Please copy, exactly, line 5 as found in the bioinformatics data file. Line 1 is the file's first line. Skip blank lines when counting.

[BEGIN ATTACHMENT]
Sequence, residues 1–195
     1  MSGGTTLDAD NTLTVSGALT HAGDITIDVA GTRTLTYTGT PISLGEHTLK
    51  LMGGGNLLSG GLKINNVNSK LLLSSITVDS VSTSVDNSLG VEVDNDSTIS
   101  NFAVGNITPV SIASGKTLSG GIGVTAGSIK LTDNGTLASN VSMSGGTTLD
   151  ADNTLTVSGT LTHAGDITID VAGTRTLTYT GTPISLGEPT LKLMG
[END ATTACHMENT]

   151  ADNTLTVSGT LTHAGDITID VAGTRTLTYT GTPISLGEPT LKLMG